But this good old boy didn't get where he is without a gift for sweet talk, and when it comes to the gay community, he's covered his tracks with honey. Bush has let it be known that he would not be averse to hiring gays. That and similar statements by GOP candidates Elizabeth Dole and John McCain inspired a gushing response from The New York Times, where a recent editorial detected a "sea change" in the GOP. Rich Tafel, executive director of the Log Cabin Republicans, was even more ecstatic, insisting that Bush's position on gay hiring "has laid the philosophical groundwork for supporting federal nondiscrimination policies and legislation."
That would be news to Bush. When he became governor of Texas in 1994, he made it clear that he would never hire a gay person who had "a political agenda that I am uncomfortable with." To wit: "an agenda pushed by the gay and lesbian lobby." In other words, a Log Cabin activist who favors gay rights would be ineligible for a place in the Bush administration. Asked whether he would hire someone who was out but not politically active, Bush replied, "I don't know what that means." How many openly gay people has he hired? Mindy Tucker, press secretary for the Bush campaign, says that neither she nor the governor knows, since "that's a question he never asks."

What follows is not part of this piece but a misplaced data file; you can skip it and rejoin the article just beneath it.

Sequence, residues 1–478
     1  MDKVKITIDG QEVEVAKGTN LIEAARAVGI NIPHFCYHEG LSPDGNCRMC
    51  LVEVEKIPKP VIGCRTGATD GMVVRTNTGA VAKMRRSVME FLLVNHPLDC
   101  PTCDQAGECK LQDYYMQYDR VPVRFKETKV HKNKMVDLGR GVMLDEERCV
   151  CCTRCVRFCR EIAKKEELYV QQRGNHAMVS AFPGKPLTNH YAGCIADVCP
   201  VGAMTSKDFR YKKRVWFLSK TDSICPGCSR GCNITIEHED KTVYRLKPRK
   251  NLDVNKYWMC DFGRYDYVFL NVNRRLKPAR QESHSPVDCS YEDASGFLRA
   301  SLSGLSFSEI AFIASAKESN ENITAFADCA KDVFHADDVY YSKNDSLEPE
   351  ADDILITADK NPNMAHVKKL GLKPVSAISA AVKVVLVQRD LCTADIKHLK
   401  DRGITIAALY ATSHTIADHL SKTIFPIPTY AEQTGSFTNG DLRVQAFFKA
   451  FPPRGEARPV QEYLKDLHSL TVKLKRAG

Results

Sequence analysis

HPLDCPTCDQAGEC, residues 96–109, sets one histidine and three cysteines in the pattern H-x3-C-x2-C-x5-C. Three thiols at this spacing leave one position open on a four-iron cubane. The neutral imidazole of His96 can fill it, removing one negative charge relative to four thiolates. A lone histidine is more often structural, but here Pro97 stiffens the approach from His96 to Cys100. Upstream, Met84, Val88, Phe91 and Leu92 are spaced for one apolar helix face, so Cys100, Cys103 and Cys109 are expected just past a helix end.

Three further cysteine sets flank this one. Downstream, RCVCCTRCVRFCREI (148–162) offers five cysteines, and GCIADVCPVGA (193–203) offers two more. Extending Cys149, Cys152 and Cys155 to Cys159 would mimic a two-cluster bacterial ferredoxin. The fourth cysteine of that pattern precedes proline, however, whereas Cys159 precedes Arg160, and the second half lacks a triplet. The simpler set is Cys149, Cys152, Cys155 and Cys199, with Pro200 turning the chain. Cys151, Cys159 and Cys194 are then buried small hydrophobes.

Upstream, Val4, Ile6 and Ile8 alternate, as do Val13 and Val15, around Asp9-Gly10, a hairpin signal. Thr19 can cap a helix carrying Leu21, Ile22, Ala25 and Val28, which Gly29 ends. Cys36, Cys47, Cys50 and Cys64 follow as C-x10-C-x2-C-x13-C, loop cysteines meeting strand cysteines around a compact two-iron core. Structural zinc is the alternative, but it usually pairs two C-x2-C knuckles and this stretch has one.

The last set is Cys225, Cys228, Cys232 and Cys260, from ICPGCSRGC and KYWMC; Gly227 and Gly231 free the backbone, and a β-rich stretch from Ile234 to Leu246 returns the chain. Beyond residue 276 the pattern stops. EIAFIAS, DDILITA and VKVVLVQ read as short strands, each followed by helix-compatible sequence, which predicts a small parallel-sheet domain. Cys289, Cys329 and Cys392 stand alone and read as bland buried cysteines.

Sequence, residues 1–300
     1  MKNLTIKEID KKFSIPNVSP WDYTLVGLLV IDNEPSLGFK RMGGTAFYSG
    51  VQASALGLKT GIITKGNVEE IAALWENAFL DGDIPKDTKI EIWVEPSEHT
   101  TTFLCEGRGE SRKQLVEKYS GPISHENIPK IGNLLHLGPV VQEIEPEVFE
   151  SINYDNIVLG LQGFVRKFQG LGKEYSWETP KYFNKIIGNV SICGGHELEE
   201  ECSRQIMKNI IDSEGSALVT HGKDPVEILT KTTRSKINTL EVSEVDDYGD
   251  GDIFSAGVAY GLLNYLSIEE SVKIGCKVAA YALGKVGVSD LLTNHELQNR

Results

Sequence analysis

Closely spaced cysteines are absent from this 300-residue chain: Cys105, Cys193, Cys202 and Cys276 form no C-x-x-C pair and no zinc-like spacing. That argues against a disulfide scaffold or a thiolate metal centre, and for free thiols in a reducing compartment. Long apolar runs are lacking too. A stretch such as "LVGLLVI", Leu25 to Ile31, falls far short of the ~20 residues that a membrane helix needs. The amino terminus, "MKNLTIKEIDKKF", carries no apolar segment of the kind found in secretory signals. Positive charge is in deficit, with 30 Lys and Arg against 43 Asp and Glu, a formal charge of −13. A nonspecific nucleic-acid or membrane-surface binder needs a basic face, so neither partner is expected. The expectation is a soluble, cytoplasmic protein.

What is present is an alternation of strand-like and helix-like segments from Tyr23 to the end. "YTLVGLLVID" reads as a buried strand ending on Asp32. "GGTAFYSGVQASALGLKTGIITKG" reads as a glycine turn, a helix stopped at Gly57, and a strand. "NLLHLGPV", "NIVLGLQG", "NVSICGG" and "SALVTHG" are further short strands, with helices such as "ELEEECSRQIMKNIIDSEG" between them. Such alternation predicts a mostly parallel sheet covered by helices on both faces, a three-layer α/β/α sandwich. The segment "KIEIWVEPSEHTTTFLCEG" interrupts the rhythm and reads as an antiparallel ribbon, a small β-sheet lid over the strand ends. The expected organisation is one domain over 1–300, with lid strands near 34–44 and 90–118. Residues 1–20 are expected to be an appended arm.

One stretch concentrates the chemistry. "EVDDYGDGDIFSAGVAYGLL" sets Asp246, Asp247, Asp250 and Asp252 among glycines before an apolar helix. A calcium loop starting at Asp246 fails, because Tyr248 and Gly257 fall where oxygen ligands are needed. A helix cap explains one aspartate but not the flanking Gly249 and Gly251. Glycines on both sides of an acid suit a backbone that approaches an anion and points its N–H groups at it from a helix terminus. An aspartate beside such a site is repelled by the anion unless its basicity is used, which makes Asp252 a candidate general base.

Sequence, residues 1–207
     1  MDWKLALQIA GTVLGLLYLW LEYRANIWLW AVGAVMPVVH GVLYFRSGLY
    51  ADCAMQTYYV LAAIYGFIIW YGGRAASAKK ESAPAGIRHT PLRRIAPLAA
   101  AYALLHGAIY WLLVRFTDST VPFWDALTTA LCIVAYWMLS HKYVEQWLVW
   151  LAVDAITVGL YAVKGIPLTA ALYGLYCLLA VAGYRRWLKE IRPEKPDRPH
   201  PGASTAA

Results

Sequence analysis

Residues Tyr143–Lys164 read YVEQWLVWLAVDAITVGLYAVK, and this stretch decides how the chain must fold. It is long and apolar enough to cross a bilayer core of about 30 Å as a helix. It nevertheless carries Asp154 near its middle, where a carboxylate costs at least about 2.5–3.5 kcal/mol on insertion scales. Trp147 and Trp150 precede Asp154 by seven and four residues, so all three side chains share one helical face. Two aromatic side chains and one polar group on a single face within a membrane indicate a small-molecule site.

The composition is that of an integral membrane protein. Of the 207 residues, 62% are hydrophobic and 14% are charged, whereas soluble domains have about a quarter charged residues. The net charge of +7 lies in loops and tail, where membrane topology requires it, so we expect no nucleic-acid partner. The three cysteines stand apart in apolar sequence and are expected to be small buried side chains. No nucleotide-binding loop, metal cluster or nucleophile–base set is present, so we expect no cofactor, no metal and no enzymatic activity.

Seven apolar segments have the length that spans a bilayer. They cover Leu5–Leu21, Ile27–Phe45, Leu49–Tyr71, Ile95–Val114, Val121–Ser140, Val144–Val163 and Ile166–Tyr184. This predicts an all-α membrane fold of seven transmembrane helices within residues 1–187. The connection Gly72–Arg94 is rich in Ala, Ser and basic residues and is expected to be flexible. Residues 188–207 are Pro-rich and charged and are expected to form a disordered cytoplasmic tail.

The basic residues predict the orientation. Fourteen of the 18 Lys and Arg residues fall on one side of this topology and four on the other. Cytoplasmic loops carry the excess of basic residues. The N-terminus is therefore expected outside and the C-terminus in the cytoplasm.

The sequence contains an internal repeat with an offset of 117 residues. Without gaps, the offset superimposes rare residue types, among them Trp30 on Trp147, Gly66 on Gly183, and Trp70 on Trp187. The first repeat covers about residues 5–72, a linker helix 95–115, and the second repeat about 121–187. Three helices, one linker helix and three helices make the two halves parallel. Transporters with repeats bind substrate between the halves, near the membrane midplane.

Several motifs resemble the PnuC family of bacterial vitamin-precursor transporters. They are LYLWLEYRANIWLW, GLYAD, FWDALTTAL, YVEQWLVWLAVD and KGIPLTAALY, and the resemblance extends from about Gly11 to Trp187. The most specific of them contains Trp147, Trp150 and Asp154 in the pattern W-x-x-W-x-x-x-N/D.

Last month, the Log Cabin Republicans held their most auspicious convention in New York. The delegates were all aflutter over Bush's coy come-on, but it's definitely a one-sided romance. Bush has never even met with the Log Cabin Republicans, as far as Tucker knows. In fact, according to columnist Robert Novak, Bush "won praise from prominent social conservatives when he supported the Texas Republican Party's denial of a booth" for the Log Cabin club at the state GOP convention. Though Bush admonished a party official for comparing gay Republicans to pedophiles, Novak writes that "behind the scenes, Bush made clear that he approved of the decision not to permit a booth." This was a tried and true strategy, as Novak notes: "taking a hard line without firing the first verbal assault is precisely what is recommended by religious conservative leaders."